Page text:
A new study by the Pandemic Response Accountability Committee (PRAC) claims that at least $38 million in pandemic relief loans were sent to dead recipients through the use of incorrect Social Security numbers.
As reported by Just The News, the fraudulent loans in question were made through the Paycheck Protection Program (PPP) as well as the COVID-19 Economic Injury Disaster Loan (EIDL) program. Michael Horowitz, the chairman of PRAC, first testified before the U.S. House in February that PRAC had identified at least 69,000 suspicious Social Security Numbers (SSNs), which had been used to obtain $5.4 billion in relief funds. Another 175,000 suspicious SSNs were used in applications, but ultimately never received any money.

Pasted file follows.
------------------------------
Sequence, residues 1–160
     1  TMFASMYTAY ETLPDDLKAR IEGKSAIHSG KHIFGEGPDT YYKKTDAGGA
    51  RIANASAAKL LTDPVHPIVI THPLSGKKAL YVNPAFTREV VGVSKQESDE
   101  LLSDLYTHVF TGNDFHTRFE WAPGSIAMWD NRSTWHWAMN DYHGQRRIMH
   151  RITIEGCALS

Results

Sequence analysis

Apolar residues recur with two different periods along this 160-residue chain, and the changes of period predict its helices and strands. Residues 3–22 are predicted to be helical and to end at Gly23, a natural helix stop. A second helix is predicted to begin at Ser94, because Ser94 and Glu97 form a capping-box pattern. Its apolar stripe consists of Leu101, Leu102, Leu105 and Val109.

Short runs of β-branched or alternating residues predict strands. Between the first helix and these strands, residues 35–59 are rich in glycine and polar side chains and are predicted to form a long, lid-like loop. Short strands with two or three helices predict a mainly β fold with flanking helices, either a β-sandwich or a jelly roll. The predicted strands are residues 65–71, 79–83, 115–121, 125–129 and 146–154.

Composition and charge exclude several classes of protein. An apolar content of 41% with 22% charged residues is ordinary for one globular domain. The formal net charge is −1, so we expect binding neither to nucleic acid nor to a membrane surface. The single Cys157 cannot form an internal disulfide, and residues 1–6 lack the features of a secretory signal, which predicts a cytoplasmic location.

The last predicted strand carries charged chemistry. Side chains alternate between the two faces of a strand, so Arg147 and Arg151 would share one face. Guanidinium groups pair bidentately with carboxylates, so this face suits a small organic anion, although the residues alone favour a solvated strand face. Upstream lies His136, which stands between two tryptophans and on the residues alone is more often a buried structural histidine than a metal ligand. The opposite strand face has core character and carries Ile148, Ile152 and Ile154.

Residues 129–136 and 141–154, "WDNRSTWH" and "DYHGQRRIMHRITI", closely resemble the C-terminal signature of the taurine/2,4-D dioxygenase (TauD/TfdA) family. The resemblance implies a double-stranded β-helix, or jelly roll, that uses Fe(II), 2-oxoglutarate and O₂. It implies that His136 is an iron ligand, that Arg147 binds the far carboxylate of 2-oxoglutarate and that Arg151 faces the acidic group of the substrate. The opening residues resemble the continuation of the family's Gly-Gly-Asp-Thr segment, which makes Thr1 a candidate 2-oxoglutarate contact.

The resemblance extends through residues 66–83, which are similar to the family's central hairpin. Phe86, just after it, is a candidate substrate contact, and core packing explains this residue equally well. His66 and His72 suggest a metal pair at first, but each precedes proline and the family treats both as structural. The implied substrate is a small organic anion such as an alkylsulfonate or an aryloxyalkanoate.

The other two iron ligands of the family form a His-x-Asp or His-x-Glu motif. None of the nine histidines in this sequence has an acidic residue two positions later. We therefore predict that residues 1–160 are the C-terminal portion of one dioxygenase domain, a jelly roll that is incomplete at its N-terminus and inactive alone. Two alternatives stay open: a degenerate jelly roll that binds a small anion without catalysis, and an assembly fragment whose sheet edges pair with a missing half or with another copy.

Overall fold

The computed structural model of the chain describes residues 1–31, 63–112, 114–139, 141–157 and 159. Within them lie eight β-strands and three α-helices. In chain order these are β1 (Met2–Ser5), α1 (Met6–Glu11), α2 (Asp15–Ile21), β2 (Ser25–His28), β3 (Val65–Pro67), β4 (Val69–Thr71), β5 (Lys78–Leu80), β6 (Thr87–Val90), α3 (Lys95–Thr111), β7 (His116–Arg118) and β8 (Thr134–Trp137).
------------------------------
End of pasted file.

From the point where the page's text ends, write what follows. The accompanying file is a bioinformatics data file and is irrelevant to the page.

“Using data available from DNP’s matching process and date of death information, the PRAC’s data scientists found that 3,222 of the 15,307 deceased individuals’ SSNs were used on COVID-19 EIDL/PPP applications across three analytic scenarios,” PRAC says in its latest report.
The fraud ranged from applications being submitted after the death of the SSN’s owner, to instances where applications were submitted while the owner was still alive, but only approved after their death. PRAC determined that the $38 million in fraudulent payments were distributed to 305 different SSNs, out of 3,222 SSNs overall.
“The work of the PACE makes clear why sustained data analytics capability, beyond the PRAC’s sunset and the COVID-19 pandemic, would be a gamechanger for the oversight community,” said Horowitz in his own statement. “Retaining an anti-fraud analytics center will ensure the federal government has the resources it needs to conduct effective oversight of all federal expenditures.”